In 2022, Argentina’s recurring financial crises (reminiscent of the country’s multiple crises of the 1980s and early 2000s) reached unprecedented levels with galloping inflation (70 percent) and sent four in 10 Argentinians below the extreme poverty line with impending political crises. This week, Lebanon is in unprecedented turmoil, with residents overrunning the country’s banking and financial sectors.
These are serious problems and challenges that could undermine countries’ economic recovery, growth, and development. More importantly, in the case of Ethiopia, the country’s weak or fragile banking and financial sectors could not withstand competition from established and highly advanced foreign banks.
Ethiopia should draw practical (operational) lessons (as to how to sequence and manage financial sector liberalization) from the African countries that are considered leaders in allowing the participation of foreign banks in their banking and financial sectors.
The experiences of Ghana, Kenya, Nigeria, and Uganda can provide important lessons and experience to latecomers like Ethiopia.
What kind of domestic banks and financial sector does Ethiopia need?
Ethiopia needs to restructure and revamp its domestic banking and financial sector so that it responds to the needs of the population and the economy of the country before opening the banking and financial sector to foreign banks. Ethiopia may also need to signal an alarm bell to domestic private and state-owned banks that complete liberalization of the sector (with the participation of private banks) is inevitable and that they must modernize their services and become innovative, efficient, dynamic, and competitive.
Restructuring and revamping the banking sector can include making available detailed information on the phases and sequences of liberalization with clearly defined objectives and timeline. It should also include modernizing banking operations through skill formation and technological upgrading.
The banking and financial sector must be “world-class,” dynamic, and competitive before inviting the participation of foreign banks in the economy. There should be effective and transparent financial rules and regulations in place, as well as monitoring and supervisory mechanisms.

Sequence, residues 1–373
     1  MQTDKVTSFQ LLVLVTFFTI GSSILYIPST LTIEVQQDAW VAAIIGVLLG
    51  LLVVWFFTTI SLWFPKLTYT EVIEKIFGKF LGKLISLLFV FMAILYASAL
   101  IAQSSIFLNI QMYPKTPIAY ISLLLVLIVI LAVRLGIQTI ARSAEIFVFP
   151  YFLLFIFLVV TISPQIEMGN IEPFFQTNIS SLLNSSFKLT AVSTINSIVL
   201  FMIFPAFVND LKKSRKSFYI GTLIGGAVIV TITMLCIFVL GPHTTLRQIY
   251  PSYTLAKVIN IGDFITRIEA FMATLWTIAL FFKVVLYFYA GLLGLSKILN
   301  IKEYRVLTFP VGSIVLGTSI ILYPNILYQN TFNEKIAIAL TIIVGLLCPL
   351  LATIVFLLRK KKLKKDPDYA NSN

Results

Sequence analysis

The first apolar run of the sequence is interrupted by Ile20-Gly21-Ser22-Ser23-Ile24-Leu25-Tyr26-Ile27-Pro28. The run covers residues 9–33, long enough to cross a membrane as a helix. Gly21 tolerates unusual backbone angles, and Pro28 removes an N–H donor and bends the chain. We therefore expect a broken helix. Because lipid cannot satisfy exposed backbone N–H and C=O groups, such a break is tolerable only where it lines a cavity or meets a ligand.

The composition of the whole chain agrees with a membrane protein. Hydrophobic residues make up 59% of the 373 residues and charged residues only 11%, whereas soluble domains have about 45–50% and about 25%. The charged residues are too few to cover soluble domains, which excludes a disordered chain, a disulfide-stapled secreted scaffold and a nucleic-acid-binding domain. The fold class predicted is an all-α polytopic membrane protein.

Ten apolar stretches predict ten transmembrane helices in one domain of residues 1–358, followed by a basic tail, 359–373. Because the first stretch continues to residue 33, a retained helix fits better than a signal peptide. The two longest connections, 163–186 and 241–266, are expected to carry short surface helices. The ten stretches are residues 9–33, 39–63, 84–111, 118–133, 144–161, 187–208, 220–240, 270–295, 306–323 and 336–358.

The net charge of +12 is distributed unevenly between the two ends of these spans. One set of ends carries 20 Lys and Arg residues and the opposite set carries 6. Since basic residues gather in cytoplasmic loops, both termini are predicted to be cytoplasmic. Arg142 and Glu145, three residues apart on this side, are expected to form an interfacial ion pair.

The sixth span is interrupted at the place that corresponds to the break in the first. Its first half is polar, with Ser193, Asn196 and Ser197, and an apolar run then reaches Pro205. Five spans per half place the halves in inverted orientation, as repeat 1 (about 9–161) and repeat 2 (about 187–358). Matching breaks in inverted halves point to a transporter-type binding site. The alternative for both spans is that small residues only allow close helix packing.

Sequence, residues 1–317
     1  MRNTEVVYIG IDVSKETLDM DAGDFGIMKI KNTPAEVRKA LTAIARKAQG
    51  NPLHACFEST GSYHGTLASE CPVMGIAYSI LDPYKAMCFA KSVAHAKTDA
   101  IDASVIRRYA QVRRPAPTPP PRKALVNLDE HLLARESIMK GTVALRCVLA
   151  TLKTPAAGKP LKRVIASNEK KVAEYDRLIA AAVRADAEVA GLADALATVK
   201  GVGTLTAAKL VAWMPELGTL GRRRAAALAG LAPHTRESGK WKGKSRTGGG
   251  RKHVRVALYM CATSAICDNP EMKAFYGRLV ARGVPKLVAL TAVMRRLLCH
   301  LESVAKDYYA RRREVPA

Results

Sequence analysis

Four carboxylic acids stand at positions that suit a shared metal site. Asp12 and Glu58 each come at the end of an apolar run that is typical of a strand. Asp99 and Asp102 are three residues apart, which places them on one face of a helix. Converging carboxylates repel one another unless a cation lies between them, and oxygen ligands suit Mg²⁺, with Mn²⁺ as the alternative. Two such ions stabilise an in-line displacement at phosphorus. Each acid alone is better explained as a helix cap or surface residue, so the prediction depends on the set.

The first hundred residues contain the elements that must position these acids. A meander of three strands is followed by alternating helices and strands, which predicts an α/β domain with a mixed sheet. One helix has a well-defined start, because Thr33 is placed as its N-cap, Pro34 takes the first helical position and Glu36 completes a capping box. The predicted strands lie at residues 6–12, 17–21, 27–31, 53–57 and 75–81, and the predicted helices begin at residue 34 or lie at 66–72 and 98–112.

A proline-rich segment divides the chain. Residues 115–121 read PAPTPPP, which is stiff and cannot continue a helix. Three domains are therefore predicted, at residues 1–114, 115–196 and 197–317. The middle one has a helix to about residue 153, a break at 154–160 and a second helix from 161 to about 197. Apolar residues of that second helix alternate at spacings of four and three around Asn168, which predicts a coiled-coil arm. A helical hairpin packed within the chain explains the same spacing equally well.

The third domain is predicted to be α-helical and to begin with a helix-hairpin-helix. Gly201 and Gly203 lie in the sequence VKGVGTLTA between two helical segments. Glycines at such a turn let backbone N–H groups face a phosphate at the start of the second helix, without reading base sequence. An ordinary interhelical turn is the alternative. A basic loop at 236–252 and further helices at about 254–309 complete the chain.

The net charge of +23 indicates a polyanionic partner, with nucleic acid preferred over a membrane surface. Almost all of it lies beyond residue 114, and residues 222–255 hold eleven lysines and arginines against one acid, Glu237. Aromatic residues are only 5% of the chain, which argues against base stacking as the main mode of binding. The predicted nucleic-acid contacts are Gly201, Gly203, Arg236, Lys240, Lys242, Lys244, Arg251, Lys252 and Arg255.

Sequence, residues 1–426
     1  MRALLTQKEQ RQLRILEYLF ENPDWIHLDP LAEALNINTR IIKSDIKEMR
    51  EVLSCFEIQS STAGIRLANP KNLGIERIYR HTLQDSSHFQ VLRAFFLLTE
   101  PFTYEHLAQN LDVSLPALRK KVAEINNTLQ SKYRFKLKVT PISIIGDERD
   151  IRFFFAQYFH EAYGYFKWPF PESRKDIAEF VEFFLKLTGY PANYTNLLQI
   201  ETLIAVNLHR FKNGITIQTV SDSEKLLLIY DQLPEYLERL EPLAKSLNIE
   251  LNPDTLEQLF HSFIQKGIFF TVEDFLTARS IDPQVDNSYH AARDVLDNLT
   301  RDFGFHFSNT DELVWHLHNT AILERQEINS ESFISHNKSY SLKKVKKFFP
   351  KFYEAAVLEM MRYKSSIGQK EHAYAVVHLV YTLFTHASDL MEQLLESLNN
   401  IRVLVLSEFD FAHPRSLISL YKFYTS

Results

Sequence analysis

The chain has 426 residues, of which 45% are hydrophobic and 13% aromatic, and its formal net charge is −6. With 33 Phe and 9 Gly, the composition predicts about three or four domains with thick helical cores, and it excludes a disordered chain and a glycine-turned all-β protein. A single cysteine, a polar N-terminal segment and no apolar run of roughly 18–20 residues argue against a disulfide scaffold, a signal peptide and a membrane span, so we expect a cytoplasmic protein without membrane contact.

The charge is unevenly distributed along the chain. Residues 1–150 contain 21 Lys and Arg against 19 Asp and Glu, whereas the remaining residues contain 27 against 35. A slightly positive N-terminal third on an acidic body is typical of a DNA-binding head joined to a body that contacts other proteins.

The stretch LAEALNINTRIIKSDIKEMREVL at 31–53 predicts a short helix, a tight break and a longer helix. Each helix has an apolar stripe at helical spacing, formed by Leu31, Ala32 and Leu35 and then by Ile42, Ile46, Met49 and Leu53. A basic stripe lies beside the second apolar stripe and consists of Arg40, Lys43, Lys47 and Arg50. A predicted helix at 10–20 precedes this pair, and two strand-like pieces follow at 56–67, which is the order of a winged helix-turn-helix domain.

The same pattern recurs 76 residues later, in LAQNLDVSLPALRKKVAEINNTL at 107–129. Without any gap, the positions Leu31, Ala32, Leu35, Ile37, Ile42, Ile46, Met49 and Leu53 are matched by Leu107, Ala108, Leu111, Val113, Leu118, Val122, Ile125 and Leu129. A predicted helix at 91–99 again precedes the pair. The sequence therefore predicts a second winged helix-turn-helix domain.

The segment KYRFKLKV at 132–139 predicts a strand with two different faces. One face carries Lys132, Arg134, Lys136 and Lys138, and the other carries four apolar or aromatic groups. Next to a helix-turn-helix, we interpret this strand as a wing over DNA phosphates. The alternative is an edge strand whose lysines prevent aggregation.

These should also include sound, dynamic, and functioning institutions to formulate and implement new banking and financial policies and related rules and regulations, as well as supervise the activities of the financial and banking sectors with a strong judiciary and a corruption-free governance system.
For instance, Vietnam’s gradual, phased, and carefully sequenced reform of the banking sector enabled the country to foster competitive and innovative domestic banks (often state-owned). Technologically advanced and competitive banking operations have played a vital role in creating macroeconomic stability, sustaining economic growth, and further deepening the structural transformation of Vietnam.
As part of the banking sector reform, Ethiopia also needs to merge and consolidate some of its domestic banks, including private banks, to increase their capitalization and operational efficiency through skills, knowledge, and technological learning and upgrading.
The country, drawing practical lessons from successful countries such as Vietnam, should also gradually and tactfully relax regulations on credit rationing and ceilings, interest rate caps, and foreign exchange controls, as well as elaborate and up-to-date rules and regulations governing the sector, before inviting foreign banks into its banking and financial sectors.